Montreal’s past and present were well represented Sunday at the 18th annual Sports Celebrity Breakfast at Jardin Royalmount.
The event is a fundraiser for the Cummings Jewish Centre for Seniors Foundation and because of COVID-19 this marked the first time in three years it was done in-person. The event has raised more than $2 million over the years and all 400 tickets were sold Sunday.
Before the breakfast began, sports fans of all ages were able to mingle with current and former Montreal sports stars — getting photographs and autographs — followed by on-stage interviews conducted by members of the media.
Former Canadiens Yvan Cournoyer, Pete Mahovlich and Frank Mahovlich were there, along with current players Nick Suzuki and Cole Caufield. Former Expos outfielder Ken Singleton attended to receive the Expos Baseball Legend Award, while Alouettes owner Gary Stern was the guest of honour and was joined by team president Mario Cecchini and GM Danny Macioca. Retired sportscaster Rick Moffatt, the long-time radio voice of the Canadiens, Alouettes and Impact, received the Larry Fredericks Media Award, while former NBA player Joel Anthony was present to represent Montreal’s new Canadian Elite Basketball League team, the Alliance, in his role as GM.
The only Montreal pro sports team that wasn’t represented, despite being invited, was soccer’s CF Montréal, showing again a lack of connection with the community a year after changing the team name from Impact.
It was fantastic to see Suzuki and Caufield taking the time to mingle with fans, sign autographs and pose for photos. The smiles on the kids’ faces while getting to meet the young Canadiens stars were priceless, as were the smiles on older fans when they got to meet Cournoyer, the Mahovlich brothers and Singleton, who brought back fond memories of when the Expos were “Nos Amours” at Jarry Park.
Stern, Cecchini and Maciocia spoke with passion about how they are working hard to bring back the glory days of the Alouettes at Molson Stadium. Cecchini also noted when he saw Cournoyer and the Mahovlich brothers, he felt like a 10-year-old again.
That’s part of the beauty of this event for a wonderful cause.
Cournoyer won an amazing 10 Stanley Cups during his 16 years with the Canadiens, but there’s one memory he can’t forget.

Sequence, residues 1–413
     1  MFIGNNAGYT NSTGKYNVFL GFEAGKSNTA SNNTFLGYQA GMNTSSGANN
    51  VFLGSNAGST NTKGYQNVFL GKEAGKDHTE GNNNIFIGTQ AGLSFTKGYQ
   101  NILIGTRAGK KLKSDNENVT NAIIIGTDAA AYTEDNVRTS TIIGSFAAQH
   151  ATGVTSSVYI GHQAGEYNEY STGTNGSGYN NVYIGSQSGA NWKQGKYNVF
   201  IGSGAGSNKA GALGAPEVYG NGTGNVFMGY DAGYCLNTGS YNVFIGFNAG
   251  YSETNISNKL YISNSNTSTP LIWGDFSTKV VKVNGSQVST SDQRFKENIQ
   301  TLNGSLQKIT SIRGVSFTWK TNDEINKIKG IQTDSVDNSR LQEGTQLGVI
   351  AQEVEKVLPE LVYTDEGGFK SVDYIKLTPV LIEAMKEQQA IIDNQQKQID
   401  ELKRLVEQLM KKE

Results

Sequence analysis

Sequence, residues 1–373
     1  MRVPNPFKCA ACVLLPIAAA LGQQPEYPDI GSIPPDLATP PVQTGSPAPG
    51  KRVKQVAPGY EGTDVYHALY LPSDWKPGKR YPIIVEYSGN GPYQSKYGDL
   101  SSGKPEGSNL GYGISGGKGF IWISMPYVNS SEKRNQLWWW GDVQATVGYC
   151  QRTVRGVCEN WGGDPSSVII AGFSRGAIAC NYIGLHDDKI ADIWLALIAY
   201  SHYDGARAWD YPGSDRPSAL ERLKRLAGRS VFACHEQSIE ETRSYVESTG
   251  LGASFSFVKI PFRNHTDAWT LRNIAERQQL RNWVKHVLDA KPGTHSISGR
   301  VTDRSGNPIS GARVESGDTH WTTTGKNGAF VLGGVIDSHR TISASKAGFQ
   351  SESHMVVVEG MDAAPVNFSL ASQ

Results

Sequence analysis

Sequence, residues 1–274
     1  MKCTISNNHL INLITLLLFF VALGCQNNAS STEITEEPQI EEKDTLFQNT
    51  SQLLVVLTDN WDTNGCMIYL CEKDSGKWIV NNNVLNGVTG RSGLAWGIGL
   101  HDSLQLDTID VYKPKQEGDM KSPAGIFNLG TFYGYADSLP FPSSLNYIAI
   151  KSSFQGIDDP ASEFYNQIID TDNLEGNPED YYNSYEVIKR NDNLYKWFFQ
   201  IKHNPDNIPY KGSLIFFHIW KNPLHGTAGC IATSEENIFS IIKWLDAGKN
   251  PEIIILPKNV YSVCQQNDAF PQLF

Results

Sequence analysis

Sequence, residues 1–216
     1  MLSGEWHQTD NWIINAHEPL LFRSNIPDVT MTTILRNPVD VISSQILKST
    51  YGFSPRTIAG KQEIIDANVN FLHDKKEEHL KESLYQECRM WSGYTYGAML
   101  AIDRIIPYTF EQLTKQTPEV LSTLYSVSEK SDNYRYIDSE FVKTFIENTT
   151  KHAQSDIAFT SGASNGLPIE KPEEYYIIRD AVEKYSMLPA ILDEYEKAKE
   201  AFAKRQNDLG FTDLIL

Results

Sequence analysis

“I remember the year I lost against Toronto in ’67,” he said.
I often say they don’t make Canadiens players like they used to, when the Stanley Cup parade would take the “usual route” down Ste-Catherine St. But with their appearance at Sunday’s breakfast and the way they mingled with fans, Suzuki and Caufield showed they are learning just how much the Canadiens mean to fans in this city.
It’s something Cournoyer and the Mahovlich brothers have known for years and they showed it again Sunday by their interactions with fans.
“It’s special to put on the jersey every night, and to play at the Bell Centre is a dream come true for me and no better place to play than Montreal,” Suzuki said. “That playoff run (to the Stanley Cup final last year) was really special for us. We came up short, but hopefully we can be back there pretty soon with the way this team is built and the guys we’re bringing in. Getting Marty (St. Louis as head coach), the future’s really bright for us and we’re really excited to get back at training camp this year.
“I think right away when Cole came to the team we clicked right away on and off the ice. We love hanging out with each other, playing with each other. Just to build that chemistry for the last couple of years and moving forward … hopefully Cole signs a long-term deal with us. Just to play with him is really special. We have a ton of fun together and hopefully we can win a few Cups just like the older guys.”
Cournoyer said he enjoys watching the two young Canadiens stars play and thinks he might have lost his nickname to Caufield.
“There’s a new Roadrunner,” Cournoyer said, adding you don’t have to look at their numbers to know who Caufield and Suzuki are when they’re on the ice.
The Mahovlich brothers have 10 Stanley Cup rings between them, matching Cournoyer’s total. Frank won four with the Toronto Maple Leafs and two with the Canadiens, while Pete won four with Montreal.
Frank only played three full seasons with the Canadiens, starting in 1971-72, on a line with Cournoyer and Jacques Lemaire. Cournoyer scored at least 40 goals in each of those seasons, while Pete scored 43, 38 and 31 goals during those years.
“I spent three of the greatest years of my hockey career right here with Mr. (Sam) Pollock and the Montreal Canadiens,” Frank Mahovlich said, referring to team’s former GM who won nine Stanley Cups during his 14 years in that position.
Most of the fans in attendance at Sunday’s breakfast were too young to remember those glory days with the Canadiens.
For for those old enough to remember, it was a day to feel like a kid again.
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